The Scourge of Mass Shootings in America: Part 3

I was in New York City the morning of September 11, 2001. At that time, it seemed like combating extremist terrorism from the Middle East, would be the main concern for mass violence in America.

To be clear, I want to specify that when I refer to “mass violence” I am not referring to aggregate violence, as this is probably not so different from how it was in the 90s. By “mass violence” I am specially pointing to those incidents where many people are killed or wounded in a single event. It also may be worth stepping back to think about the “mass aggregate” violence, even more than single incidents of “mass violence”. That said, we evolved to fixate on the nonlinear events. So, 20 people killed in a single event will resonate much more with our emotions, than 20 people killed in 20 separate events, even if the ultimate outcome is the same.

Look at how different things are now, from the days of 9/11. Besides the specific deaths from the attacks on the twin towers, mass shootings perpetrated by our own American citizens, have absolutely dwarfed the threat of terrorism from other parts of the world.

We now live in a society where the real terror comes from within our borders, not from beyond them. There is no hostile nation, or terrorist organization on earth, that could hope to do worse to us, than we have already done to ourselves.

The terrorists who attacked us on 9/11, literally had to plan for years to learn to fly planes, to hijack planes, to get into the country and pass safety checks etc. They did it once, and that was it. America responded and spared no expense. We changed society to deal with the threat of foreign terrorism. We even fought some terrible wars, to ensure that an attack like 9/11, never happened again.

Politicians love to talk about how strong Americans are, and how terrorists will never defat us, or degrade our way of life. I think that can be true in some instances, but only if they are the kinds of terrorists we have the will to do something about. If they come from the Middle East, and hijack planes to kill innocent men, women, and children, we will absolutely end them. If, on the other hand, they come from middle America, and they acquire their weapons of terror and murder at the local gun shop, it's an entirely different story. In that case, we will not do a blessed thing to hinder them, no matter how many men, women, and children they kill.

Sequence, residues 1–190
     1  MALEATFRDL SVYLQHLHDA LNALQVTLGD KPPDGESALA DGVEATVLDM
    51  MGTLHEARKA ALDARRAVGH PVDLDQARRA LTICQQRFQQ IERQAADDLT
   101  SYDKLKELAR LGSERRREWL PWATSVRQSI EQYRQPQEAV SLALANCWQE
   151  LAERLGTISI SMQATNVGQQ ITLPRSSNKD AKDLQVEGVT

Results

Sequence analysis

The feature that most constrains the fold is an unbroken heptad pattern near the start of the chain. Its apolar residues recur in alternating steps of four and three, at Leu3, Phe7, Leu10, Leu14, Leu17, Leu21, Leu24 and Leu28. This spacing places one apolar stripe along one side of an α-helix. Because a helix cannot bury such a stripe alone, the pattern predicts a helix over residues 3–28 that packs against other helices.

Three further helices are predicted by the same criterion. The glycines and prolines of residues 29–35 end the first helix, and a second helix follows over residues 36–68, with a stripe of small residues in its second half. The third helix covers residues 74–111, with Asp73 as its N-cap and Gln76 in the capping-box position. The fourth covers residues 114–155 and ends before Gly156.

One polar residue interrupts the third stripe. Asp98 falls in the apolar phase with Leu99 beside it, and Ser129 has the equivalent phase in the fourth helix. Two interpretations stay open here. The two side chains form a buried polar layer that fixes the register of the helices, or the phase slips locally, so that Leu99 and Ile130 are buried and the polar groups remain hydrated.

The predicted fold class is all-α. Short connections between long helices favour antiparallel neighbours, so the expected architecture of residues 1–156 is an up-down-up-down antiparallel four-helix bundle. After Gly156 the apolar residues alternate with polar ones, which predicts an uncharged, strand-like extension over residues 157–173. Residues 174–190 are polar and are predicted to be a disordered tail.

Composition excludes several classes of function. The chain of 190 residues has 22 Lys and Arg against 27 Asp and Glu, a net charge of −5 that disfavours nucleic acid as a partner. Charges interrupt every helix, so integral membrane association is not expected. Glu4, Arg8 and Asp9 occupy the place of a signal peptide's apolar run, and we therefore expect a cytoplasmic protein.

These days, if you’re in a public space, including an elementary school, you have much more to fear from a fellow American with a gun, than any terrorist overseas. That is perhaps the saddest fact of all. We fought all those wars, lost all that blood and treasure, to prevent foreign terrorists from destroying our way of life. Then we allow the very safety and peace of mind, that so much was sacrificed for, to be destroyed one mass shooting after another. If the foreign terrorists had a crystal ball, and could see what Americans would do to ourselves, they might have never came over here in the first place. They could have just sat back and watched us destroy ourselves, with our own weapons, in our own schools, churches, and grocery stores, from the comfort of their native countries.

I am not going to delve into any commentary on causes and solutions in this piece. I just wanted to mark the moment, and reflect on the utterly devastating state of affairs, we find ourselves in, as a country.

Our “thoughts and prayers” don’t amount to much. I find that it’s a lot more productive to reflect and adjust. So, that is what I wish for myself, and for my fellow citizens, and for our country as a whole. I wish that we can reflect and adjust, so that one day the phrase “mass shooting” is relegated to a solemn remembrance, an odd anachronism for those of us who lived through its heyday. May it be utterly meaningless, to future generations, outside of history books that chronicle the strange and tragic epidemic of gun violence. This fog of insanity and apathy, that plagued our great land we call America, in the early 21st century.

May this scourge be long forgotten.
Not soon enough, but one day.
May the gone be not forgotten,
Kept alive, in some way.